Treasury Secretary Geithner’s Comments

Treasury Secretary Timothy Geithner was on “This Week” on Sunday and made various comments.  Here is the link:

I could make a lot of comments regarding this interview.

However, I would like to focus on this one exchange:

TAPPER: The Congress just voted to raise the debt ceiling to more than $14 trillion dollars. Moody’s, the bond rater, just said, quote, “unless further measures are taken to reduce the budget deficit further or the economy rebounds more vigorously than expected, the federal financial picture for the next decade will at some point put pressure on the triple-A government bond rating.

Is the United States going to lose its triple-A government bond rating? And what happens when the credit markets are no longer willing to buy U.S. debt?

GEITHNER: Absolutely not. And that will never happen to this country. And again, if you step back and look at what has happened throughout this crisis, when people were most worried about the stability of the world, they still found safety in Treasuries and the dollar. You’re still seeing that every time. People are reminded again about the many challenges you see around the world.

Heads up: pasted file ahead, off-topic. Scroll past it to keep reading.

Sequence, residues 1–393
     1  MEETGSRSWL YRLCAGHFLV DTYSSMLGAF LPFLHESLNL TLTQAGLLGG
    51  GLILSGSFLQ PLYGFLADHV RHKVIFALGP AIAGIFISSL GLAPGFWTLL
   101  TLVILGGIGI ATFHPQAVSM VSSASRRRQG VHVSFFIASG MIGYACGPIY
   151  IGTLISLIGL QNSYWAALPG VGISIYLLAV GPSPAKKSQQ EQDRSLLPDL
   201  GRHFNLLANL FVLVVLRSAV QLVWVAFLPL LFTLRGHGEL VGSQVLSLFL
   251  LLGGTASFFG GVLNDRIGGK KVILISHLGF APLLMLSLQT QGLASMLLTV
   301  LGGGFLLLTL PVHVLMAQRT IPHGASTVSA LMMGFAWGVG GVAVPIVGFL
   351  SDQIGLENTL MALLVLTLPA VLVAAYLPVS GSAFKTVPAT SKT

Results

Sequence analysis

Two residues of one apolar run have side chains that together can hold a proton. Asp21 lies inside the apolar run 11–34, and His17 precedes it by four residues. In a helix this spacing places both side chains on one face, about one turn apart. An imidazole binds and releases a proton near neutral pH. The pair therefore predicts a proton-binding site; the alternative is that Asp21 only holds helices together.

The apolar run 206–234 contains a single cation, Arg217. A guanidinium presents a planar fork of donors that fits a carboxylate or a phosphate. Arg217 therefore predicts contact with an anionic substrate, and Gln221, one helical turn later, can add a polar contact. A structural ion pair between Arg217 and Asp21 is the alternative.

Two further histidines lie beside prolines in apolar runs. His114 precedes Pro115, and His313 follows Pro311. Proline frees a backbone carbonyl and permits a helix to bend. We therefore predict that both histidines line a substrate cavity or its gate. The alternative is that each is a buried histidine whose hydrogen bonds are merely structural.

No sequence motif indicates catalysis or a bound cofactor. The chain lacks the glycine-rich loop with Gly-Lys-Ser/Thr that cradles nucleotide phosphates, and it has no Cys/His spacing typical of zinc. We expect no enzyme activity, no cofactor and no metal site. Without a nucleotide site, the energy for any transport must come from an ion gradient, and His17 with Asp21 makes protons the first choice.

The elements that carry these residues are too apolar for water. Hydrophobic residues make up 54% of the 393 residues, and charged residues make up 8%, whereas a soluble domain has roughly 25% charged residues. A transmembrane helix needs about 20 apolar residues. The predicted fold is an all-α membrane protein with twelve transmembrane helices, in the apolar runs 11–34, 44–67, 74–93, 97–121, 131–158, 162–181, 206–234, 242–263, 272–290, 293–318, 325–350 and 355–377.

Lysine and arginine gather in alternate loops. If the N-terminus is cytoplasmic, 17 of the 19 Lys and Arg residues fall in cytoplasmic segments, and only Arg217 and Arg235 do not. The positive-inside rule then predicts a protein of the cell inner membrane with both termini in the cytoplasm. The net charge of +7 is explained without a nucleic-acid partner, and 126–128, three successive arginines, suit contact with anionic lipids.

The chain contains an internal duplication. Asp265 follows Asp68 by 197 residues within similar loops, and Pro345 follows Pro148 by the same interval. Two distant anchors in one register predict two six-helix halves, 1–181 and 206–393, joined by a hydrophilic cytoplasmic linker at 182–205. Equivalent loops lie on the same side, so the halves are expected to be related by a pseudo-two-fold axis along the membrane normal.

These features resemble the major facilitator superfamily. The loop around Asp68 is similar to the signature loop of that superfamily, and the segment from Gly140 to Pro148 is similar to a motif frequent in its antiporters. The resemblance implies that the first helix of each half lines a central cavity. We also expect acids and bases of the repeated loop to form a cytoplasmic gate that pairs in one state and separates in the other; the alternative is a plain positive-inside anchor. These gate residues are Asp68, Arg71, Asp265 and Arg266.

my comments:

First, I don’t think any country can ever flatly deny the possibility of a credit downgrade.  As well, as I have previously commented, sovereign deficit and debt levels are coming under increased scrutiny.

Second, as far as the U.S. Dollar and Treasuries purportedly acting as “safe havens” during the crisis, and the inferences Geithner draws from this :

Although the U.S. Dollar and Treasuries increased in price during the height of the financial tumult, I don’t agree with the idea that this price increase can be viewed as an (implied) affirmation of our financial standing.  Many different factors played into the price increases of the U.S. Dollar and U.S. Treasuries during that period.  As such, I do not come to the same conclusion as does Treasury Secretary Geithner.

As well, I don’t believe that drawing inferences off of past price action is necessarily a strong predictor of the future, especially on an “all things considered” basis going forward.

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SPX at 1062.90 as this post is written